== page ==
What should we do first in a newly created democracy? The nomination of the first prime minister without any election, of course!
Sounds crazy? It’s exactly what happened when Queen Victoria gave birth to a bouncing baby Canada. The first thing on the order of business was for Governor general Lord Monk to appoint a prime minister without consulting the population. John Alexander Macdonald was therefore put in charge of Canada’s first non-democratic government.
But don’t worry, one of the first things the new government did was to call for a federal election to be held between August 7 th and September 20th 1867. Why were those elections not held before Confederation? The British North America Act (that created Canada) only became official when Queen Vicky gave her assent on March 29th… barely 3 month before July 1st.
For that election, the Ontarians, the Québécois and the New Brunswickers had to decide between two national parties, Macdonald’s Liberal-Conservatives and the leaderless Liberals (although, it is presumed that if a liberal government would have been elected, George Brown would have been chosen as prime minister). As for the Nova Scotians, they were dragged into the Confederation deal without their consent and of the 19 members of parliament elected, all but one were members of the Anti-Confederation Party. Nova Scotians’ message was strong, but greed was stronger. Joseph Howe, the leader of the Anti-Confederation Party was offered a cabinet minister’s position and that was the end of Nova Scotia’s organised cessation attempt. You’ve got to love a man with principles.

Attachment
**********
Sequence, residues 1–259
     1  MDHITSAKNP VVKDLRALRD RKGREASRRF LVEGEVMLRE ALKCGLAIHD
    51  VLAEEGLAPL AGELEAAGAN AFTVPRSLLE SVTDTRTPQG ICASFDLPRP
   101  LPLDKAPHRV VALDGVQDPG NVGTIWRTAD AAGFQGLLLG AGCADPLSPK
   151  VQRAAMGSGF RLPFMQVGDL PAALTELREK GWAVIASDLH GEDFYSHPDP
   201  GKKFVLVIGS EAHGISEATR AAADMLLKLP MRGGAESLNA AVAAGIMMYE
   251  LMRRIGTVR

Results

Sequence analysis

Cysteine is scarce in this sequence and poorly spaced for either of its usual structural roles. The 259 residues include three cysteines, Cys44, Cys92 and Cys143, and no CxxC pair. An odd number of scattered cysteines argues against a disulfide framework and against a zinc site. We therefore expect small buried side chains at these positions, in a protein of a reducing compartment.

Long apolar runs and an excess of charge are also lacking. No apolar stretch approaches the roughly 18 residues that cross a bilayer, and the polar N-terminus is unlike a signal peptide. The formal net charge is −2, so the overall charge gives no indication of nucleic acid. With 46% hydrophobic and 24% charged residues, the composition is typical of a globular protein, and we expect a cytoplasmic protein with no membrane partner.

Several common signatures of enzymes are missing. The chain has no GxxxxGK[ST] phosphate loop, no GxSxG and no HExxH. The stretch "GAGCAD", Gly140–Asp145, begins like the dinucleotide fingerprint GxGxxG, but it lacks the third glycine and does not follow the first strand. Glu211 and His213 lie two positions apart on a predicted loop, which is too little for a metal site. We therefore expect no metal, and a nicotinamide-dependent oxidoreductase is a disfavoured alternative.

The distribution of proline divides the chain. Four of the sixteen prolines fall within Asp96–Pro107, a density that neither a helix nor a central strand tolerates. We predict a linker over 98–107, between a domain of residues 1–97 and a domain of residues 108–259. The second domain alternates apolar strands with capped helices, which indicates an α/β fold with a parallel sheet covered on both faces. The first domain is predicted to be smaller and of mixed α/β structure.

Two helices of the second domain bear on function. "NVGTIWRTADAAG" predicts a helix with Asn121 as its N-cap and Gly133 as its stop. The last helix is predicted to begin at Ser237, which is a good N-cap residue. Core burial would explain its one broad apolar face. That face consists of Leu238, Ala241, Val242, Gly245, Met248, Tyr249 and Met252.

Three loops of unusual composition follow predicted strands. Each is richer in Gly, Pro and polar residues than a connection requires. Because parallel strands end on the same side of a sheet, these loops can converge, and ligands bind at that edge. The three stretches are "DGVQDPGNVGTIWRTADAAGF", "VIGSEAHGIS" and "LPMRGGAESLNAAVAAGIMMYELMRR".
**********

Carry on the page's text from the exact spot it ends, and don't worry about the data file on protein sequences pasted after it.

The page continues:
When everything was said and done, the Liberal-Conservatives (they changed their name to Conservative in 1873) won the largest amount of seats and their leader, by now called Sir John A. Macdonald was confirmed as the prime minister.
For those of you who were wondering if the members of parliament worked hard… I do have my doubts. Between 1869 and 1872, the longest session was 86 days and they did not see fit to be in session between April 14th 1871 and April 11th 1872…which means for almost a year.